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Jing Li on a Greenhills Pen Pal Program

In my Chinese 8 curriculum, there is a year-long pen pal program where my students have the opportunity to practice their Chinese through exchanging emails and video messages with native Chinese students from Aiguo School in Shanghai. The pen pal program not only allows students to practice their Chinese and learn Chinese culture in a more authentic, meaningful and challenging way, but also helps them gain global communication skills.

In order to make the program more effective and achieve desired outcomes, students are given different topics to prepare. These topics are chosen from the Chinese 8 curriculum, including but not limited to family, hobbies, food, leisure life, school life, weather, transportation, and festivals. Every one to two months, students first verbally exchange information with their foreign peers via a Swivl recording device, then they write in more detail about the topic through emails — click here to see an example. In the meanwhile, the teacher offers necessary guidance and support, then evaluates student performance based on whether they have followed the speaking and writing requirements, used correct grammar, and/or added personal details.  Performance can also be evaluated when students successfully receive verbal and written responses from their oversea peers.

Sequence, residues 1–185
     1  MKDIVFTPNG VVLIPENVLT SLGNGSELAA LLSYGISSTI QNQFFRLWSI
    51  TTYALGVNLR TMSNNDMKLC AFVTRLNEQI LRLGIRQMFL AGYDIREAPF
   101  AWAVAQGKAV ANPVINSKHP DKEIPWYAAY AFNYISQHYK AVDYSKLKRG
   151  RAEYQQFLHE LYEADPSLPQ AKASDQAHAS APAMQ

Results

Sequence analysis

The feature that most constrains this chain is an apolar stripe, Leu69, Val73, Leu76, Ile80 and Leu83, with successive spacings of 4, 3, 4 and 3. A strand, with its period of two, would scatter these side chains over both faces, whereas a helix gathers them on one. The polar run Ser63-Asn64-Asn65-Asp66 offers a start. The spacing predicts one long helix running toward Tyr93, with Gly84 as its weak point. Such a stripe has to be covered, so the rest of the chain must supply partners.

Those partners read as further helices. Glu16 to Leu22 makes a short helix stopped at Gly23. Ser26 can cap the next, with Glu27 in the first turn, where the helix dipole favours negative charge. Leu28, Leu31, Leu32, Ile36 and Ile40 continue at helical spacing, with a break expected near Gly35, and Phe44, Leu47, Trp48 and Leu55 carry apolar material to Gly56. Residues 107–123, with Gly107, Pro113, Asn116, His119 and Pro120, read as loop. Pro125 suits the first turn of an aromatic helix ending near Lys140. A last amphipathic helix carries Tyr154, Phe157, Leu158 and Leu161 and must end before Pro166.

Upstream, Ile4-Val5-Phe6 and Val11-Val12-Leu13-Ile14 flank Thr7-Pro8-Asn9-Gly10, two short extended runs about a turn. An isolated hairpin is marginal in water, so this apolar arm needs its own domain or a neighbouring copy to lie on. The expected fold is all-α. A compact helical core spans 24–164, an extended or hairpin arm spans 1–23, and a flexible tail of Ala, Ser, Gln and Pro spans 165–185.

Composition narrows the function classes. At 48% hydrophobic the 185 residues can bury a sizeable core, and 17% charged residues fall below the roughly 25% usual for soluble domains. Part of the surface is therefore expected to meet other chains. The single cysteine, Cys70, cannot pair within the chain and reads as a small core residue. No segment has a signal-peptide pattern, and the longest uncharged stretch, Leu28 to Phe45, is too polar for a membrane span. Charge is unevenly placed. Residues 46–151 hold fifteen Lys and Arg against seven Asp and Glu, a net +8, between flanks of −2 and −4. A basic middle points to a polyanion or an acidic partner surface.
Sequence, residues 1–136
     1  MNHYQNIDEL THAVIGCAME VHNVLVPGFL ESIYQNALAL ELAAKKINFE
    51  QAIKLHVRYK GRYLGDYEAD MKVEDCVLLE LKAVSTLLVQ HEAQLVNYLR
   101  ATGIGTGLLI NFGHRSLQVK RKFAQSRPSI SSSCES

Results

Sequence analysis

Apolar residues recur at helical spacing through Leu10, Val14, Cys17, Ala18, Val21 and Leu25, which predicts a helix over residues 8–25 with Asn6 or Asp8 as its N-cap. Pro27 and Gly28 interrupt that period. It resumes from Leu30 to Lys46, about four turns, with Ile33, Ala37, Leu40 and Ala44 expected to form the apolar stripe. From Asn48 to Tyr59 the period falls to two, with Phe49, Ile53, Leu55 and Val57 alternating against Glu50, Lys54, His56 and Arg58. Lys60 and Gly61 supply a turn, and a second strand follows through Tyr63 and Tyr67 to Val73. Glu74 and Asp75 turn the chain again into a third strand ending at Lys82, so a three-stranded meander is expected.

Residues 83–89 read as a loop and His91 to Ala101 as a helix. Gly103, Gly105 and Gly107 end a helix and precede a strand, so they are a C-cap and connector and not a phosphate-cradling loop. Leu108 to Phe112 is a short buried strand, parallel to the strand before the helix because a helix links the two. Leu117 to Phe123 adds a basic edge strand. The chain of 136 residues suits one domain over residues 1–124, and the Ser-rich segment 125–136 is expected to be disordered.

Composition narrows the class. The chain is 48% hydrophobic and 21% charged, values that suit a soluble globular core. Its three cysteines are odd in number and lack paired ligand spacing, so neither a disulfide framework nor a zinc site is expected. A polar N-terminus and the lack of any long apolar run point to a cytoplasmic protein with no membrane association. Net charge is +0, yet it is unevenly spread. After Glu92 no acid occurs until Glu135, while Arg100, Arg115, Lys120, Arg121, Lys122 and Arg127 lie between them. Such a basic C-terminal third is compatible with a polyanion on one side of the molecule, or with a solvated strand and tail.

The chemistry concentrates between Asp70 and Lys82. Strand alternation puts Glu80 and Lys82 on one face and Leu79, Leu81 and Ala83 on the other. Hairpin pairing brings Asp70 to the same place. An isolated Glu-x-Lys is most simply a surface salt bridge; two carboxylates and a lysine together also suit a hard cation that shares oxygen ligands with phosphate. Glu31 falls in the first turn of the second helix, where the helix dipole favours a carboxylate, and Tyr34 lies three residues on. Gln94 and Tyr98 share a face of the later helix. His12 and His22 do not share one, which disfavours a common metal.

I believe that the pen pal program is one of the most natural ways of producing language. Teachers not only can evaluate their own teaching, they also can analyze and summarize students’ common mistakes more accurately in a real-world setting. Teachers can also give students more focused and meaningful instructional drills and practice based on their mistakes to help students become more competent language learners. Therefore, the teaching becomes more meaningful and practical.

I also believe that the pen pal program creates a student-centered and task-based learning environment where students encounter a learning process of producing-inquiry-acquisition-reproducing. The student’s role is the central  in this learning environment. The teacher act as an assistant or facilitator. When a student leaves a video message or writes an email to a person who is real and is his/her own age, the learning becomes much more real life and turns into a process of making friends.

To see part of the program in action, click here to see  a video of Greenhills students speaking with their counterparts in Shanghai, then click here to see students in Shanghai speaking with their peers in Ann Arbor. 

— By Jing Li, Greenhills Modern and Classical Languages Department

Saturday, April 24
Open to anyone ages 16 and up. Limited quantities available.
Greenhills is closed for mid-winter break and will return on Tuesday, Feb. 22.